When the Send GPS button is pressed, we first check to see if the LocationSensor has valid location data by checking the HasLongitudeLatitude property. If the location is up to date, then the Latitude and Longitude properties are used to set OurLocation and this value is stored in the FirebaseDB.

The Retrieve GPS button initiates a read of the value corresponding to the GPSTagValue. Note that FirebaseDB data reads are asynchronous. This means we start the process but the value will not be immediately available (due to network delays, other database users, server speed and so on). Instead, when the data is available, the GotValue event occurs and the value is then read.



FirebaseDB has a feature that makes it easy to be alerted to updates in the database, such as when the other user of this app pressed Send GPS and updates the location in the database. Our app receives a DataChanged event. In this example, DataChange tells us which record was changed by giving us the “tag” value, plus the value of the record. As our example has only a single tag, we ignore the returned tag value. If the value in the database is identical to our own location, then our app was just alerted to us changing our own location! We can ignore being alerted to our own update!

If the location value is different than our current location, we assume it is an update from the other user and process that update but displaying their latitude and longitude and dropping a pin on a Google map.


The Show Map button calls a procedure ShowPositionOnMap with our current location.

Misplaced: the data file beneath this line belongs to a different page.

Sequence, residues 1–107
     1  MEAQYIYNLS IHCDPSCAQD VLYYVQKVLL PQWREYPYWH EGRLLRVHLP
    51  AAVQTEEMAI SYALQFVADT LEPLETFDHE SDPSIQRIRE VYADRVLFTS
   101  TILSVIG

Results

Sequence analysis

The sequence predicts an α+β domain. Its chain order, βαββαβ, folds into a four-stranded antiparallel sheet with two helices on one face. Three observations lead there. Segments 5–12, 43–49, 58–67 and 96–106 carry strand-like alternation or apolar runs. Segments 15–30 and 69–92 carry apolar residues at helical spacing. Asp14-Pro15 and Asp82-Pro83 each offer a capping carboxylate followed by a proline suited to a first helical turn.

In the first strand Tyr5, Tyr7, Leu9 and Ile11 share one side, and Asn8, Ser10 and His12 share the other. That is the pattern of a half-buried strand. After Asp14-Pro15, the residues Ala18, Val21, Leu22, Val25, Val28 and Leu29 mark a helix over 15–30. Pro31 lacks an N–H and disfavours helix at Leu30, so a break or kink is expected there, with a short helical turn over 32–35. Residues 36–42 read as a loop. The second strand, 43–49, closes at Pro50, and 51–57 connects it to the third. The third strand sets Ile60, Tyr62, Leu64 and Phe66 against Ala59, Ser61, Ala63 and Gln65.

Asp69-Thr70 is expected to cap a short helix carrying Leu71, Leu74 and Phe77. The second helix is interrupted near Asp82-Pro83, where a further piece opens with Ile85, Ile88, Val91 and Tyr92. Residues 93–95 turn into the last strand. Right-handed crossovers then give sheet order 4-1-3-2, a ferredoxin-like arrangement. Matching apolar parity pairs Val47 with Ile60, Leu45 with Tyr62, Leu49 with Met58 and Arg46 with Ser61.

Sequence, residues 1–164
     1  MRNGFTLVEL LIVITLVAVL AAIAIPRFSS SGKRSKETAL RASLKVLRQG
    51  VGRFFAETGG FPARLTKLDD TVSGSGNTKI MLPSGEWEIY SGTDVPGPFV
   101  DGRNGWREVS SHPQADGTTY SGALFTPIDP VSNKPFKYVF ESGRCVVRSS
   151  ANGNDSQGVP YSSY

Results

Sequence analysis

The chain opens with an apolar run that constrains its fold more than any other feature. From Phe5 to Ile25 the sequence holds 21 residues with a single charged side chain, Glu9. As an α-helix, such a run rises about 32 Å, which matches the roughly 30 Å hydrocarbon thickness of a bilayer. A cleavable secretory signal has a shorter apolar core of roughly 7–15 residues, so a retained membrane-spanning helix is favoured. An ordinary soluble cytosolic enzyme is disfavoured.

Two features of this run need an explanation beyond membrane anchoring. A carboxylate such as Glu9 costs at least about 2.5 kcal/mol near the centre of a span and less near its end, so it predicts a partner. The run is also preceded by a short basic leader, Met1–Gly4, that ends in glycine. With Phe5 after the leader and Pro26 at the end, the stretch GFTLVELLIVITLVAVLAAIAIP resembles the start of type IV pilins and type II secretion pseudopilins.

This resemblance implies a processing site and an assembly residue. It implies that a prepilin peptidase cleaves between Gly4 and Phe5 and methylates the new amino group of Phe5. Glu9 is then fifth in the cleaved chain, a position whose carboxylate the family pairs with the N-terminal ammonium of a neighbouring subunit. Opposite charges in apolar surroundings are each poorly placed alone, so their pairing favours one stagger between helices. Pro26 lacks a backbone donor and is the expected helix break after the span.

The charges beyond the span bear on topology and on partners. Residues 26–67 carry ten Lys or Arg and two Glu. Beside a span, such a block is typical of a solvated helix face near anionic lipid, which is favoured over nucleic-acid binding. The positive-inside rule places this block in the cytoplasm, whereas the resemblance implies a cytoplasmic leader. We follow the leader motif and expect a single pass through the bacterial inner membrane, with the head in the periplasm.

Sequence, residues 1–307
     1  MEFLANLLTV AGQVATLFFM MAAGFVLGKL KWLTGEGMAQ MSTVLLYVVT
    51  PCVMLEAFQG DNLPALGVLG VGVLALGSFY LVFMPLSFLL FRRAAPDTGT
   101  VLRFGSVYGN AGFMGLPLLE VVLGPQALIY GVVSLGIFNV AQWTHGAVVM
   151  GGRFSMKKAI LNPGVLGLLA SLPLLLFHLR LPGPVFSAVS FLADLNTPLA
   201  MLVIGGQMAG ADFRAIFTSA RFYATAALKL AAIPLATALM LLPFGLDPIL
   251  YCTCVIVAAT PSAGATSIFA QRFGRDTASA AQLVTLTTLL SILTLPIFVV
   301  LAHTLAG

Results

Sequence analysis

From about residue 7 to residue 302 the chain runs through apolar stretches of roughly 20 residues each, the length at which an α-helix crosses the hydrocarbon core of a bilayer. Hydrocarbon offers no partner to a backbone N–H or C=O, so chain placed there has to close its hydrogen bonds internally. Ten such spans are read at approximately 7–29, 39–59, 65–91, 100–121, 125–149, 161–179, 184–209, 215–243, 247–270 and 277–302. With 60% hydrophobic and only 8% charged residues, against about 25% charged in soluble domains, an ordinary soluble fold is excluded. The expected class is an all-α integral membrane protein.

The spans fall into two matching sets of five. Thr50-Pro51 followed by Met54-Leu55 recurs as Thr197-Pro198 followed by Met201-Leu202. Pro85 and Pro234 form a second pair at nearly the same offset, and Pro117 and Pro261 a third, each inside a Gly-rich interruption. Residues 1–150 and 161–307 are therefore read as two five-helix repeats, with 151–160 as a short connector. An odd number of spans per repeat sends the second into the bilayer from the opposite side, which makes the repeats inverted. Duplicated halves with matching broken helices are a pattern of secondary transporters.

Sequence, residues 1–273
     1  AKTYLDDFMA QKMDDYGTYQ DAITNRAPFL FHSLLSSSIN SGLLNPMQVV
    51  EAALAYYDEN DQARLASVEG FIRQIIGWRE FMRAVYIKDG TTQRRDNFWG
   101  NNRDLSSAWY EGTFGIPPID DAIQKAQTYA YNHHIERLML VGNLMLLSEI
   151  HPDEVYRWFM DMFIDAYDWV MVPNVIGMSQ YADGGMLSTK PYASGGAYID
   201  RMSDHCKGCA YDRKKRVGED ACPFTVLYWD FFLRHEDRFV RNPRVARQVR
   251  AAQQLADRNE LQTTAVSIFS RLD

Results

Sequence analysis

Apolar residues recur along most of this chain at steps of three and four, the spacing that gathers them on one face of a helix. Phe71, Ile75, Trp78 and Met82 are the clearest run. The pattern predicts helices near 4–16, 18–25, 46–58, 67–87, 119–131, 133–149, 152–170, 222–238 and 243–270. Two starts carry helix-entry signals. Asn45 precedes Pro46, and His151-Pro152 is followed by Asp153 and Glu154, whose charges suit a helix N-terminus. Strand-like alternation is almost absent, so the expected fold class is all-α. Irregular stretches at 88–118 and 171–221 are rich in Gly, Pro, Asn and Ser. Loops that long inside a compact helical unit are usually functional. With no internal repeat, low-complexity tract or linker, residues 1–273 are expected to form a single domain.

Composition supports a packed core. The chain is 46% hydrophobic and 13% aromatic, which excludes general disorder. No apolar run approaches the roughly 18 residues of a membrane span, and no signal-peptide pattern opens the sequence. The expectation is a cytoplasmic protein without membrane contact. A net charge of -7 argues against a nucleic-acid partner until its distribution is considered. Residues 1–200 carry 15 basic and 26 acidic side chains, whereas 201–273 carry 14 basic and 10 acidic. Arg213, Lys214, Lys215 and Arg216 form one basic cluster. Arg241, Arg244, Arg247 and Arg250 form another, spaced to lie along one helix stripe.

The ShowPositionOnMap procedure uses Google Maps to do the hard work of drawing the map and pin location. We use the WebViewer control to access the Google Maps URL. By forming the URL in a special way, Google Maps is asked to drop a pin on the map at the specified latitude and longitude.

We build up a string that is in the format:

The &z, &q and &ll are “parameter” values passed to Google Maps, and which instruct Maps to draw the map near the specified lat/long and to drop a pin at the specific lat/long.



This app demonstrates the use of FirebaseDB in a sample real world application. This app could be improved to work with multiple phones, by having each instance of the app configure a unique user name. Then, the user name could be passed in a tag value for each update and the code could be modified to display where each user is currently positioned.

The app could also be made to send automatic updates (rather than pressing Send GPS). This can be done by using the LocationChanged event of the LocationSensor:

LocationChangedHowever, the GPS sensor and constant updates will drain the battery quite quickly.

This app could also be implemented using TinyWebDB, instead of FirebaseDB, but FirebaseDB’s automatic update alert makes this easier.

I tested this app on a Nexus 4 and a Nexus 5. The purpose of this app is to demonstrate FirebaseDB and the the GPS LocationSensor. It has not been written or tested for use as a “production” application; it is intended for educational purposes only.


Source code: Here_I_AM.aia

App Inventor Gallery: Firebase GPS Demo (Use this link to load the app directly into App Inventor from the MIT App Inventor Gallery)

17 thoughts on “Using Firebase in a real app – “Here I AM!” GPS Demo app”

Comments are closed.